Seeing Jesus as the Son of God, and as an intrinsic part of God, was also a way of giving radical substance to the notion that every human being is created in the image of God. For God to come on earth, bring a holy message of love and salvation, and then to die at the hands of the imperialists and be resurrected to come back at some future date was and is a beautiful message of hope for a world not yet redeemed, and became an inspiration to hundreds of millions who saw in it the comforting message that the rule of the powerful was not the ultimate reality of existence. And yet, using the specificity of one human being and identifying him as God, a move made by St. Paul but not by Jesus himself, did not fit into the framework of Judaism, which could not accept Jesus as messiah because of its view that the messiah would bring an end to wars and all forms of oppression, an end that had not yet taken place during or after Jesus' death.

Jews and Christians have much in common in celebrating at this time of year. We certainly want to use this holiday season to once again affirm our commitment to end the wars and violence and torture, to end global poverty and hunger by embracing the NSP version of the Global Marshall Plan, and to save the world from ecological destruction. We live in dark times--but these holidays help us reaffirm our hope for a fundamentally different reality that we can help bring about in the coming years. The miracles we celebrate happened in "those days" (ancient times) but also "in our own time," e.g. in the dismantling in the past five decades of many aspects of the patriarchal and homophobic aspects of global culture.

And yet, there are reasons to not mush together these separate holidays. The tremendous pressure of the capitalist marketplace has been to take these holidays, eliminate their actual revolutionary messages, and instead turn them into a secular focus whose only command is "Be Happy and Buy."

The huge pressure to be happy and the media's ability to portray others as beaming with joy makes a huge number of people despondent because they actually don't feel that kind of joy, and imagine that they are the only ones who don't, and hence feel terrible about themselves, something they seek to repair by buying, drugging, or drinking themselves into happiness. And when that too doesn't work for very long, they become all the unhappier with themselves or with others.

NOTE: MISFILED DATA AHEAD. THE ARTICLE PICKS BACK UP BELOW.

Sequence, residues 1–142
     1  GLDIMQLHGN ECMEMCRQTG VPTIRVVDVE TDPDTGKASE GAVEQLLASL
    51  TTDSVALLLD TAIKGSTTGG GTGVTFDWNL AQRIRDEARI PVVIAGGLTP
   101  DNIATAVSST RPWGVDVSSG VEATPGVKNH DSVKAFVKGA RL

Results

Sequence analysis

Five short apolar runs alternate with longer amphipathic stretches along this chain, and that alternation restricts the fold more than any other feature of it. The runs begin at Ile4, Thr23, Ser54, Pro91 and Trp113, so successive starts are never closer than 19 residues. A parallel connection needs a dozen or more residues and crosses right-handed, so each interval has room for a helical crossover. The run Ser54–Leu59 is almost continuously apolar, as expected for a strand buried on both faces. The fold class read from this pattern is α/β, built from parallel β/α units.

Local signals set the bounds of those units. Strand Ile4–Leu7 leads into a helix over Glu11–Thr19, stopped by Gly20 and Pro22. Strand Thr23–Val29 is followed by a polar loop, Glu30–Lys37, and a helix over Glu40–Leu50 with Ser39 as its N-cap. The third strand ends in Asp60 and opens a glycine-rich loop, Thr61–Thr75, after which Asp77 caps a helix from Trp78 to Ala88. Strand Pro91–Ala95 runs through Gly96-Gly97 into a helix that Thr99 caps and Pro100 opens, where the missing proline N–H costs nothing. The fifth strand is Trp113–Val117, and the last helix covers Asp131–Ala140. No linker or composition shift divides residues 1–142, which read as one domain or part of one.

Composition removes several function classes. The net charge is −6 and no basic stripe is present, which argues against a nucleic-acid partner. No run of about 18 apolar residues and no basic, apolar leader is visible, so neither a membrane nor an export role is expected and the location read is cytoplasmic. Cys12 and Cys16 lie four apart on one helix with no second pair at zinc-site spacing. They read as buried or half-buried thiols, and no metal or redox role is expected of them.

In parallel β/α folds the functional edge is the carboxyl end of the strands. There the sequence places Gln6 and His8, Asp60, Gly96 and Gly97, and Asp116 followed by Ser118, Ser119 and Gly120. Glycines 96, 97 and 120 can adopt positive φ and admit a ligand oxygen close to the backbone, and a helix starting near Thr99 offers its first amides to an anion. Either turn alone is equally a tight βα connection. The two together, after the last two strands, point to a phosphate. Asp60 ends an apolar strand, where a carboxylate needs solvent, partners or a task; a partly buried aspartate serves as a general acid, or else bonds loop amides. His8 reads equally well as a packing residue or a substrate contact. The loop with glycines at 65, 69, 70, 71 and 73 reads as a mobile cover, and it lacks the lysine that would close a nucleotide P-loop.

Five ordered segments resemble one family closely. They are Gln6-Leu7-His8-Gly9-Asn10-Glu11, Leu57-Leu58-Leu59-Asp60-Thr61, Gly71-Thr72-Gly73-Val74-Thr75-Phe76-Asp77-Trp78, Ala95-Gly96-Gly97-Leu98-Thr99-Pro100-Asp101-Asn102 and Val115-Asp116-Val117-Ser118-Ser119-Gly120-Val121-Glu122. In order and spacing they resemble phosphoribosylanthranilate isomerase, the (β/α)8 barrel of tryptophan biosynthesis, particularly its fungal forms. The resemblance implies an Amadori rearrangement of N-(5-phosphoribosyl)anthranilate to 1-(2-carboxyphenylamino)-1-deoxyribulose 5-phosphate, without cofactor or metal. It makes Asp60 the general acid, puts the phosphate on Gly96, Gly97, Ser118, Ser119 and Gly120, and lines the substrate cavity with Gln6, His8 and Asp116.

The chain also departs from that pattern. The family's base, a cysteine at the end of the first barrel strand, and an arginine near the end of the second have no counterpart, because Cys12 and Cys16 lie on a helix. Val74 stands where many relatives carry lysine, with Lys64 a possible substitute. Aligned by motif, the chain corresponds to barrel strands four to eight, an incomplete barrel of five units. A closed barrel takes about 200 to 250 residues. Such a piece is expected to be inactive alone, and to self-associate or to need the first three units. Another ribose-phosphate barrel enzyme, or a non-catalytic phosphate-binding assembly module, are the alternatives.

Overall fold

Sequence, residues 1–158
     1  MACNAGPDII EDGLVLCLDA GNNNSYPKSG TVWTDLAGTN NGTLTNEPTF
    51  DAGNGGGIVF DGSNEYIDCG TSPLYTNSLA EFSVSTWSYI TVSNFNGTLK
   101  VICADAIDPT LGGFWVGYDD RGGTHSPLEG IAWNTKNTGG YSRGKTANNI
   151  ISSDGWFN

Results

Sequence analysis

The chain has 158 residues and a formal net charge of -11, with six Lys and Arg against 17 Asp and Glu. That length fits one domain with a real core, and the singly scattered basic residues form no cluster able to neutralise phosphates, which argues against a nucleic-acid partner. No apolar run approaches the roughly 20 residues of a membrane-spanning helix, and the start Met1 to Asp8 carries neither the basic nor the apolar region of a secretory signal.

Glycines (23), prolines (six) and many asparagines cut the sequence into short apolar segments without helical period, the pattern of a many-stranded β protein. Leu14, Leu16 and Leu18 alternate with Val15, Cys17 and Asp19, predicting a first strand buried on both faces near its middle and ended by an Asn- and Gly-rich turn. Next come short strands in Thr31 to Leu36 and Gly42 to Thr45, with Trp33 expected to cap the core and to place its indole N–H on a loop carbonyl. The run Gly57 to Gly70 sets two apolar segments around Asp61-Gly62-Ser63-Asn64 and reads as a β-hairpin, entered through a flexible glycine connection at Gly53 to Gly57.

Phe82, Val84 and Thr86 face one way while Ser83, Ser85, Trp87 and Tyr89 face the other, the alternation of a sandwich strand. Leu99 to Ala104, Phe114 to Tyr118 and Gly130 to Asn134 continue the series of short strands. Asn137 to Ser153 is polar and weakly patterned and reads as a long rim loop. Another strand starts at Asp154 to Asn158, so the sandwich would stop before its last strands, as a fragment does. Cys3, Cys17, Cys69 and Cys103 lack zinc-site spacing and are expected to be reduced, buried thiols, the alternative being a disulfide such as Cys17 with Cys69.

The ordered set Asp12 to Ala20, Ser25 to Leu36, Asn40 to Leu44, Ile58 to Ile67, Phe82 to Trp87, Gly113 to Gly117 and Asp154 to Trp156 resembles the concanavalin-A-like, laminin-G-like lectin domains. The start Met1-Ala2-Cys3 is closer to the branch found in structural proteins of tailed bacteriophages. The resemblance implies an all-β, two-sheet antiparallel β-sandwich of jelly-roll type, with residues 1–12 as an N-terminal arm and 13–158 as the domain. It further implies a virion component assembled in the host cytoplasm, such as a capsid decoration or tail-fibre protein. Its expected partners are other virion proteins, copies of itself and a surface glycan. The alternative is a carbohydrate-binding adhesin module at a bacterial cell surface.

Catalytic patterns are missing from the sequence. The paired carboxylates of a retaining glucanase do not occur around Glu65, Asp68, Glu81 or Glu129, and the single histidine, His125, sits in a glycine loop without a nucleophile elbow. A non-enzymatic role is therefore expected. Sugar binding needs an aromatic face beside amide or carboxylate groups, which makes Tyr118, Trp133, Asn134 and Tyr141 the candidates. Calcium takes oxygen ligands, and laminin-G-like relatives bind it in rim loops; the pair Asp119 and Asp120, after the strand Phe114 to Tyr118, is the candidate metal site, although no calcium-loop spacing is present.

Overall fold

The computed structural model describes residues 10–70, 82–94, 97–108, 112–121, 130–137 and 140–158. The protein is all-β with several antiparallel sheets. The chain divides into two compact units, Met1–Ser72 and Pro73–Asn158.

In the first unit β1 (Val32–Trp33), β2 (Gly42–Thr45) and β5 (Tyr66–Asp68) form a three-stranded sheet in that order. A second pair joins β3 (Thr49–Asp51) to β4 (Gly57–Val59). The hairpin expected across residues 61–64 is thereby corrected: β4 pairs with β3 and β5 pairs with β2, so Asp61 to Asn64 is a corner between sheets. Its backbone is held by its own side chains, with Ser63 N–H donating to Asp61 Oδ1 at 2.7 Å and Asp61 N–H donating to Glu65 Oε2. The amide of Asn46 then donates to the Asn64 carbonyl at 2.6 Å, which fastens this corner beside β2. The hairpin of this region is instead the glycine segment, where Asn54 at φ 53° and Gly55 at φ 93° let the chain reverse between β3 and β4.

The pressure to buy as a way of showing that you really care about others puts many people into the position of spending more than they have, putting themselves into further debt, and then feeling depressed about that. Still others have no way to buy "enough" on credit, and then their children, saturated by a media specially attuned to the best ways to market to toddlers and everyone older through their teen years, make their parents or others feel inadequate because they have not bought what the media portrays as the standard for what a "normal family" buys for the holidays.

Jews, seeking to fit into American society, grabbed onto this path of the holidays "not really being religious but only a time to celebrate," and thus many embraced Christmas in the one way they could--buying presents for their non-Jewish friends and neighbors and celebrating Christmas as a "non-sectarian, American holiday." But this well-intentioned move to fit into American society only helped the capitalist secularists, and unintentionally further undermined the ability of Christians to hold on to the religious and spiritual intent of their holiday, even as it helped turn Hanukkah into a covert competition in which Jewish families felt huge pressure to equal or outdo their Christian neighbors with how much they could spend on gifts for their children and each other. These orgies of spending obscure the spiritual message for many families and add an element of vulgarity into what could still be a much deeper spiritual experience. This is why spiritual progressives of the Christian faith have urged the Jewish and interfaith magazine I edit, Tikkun,, and the interfaith and secular-humanist-welcoming Network of Spiritual Progressives to not celebrate the holiday as one undifferentiated "holiday season" but to celebrate the holidays as religious and spiritual holidays and to affirm the specific religious message of each one depending on which fits your particular faith.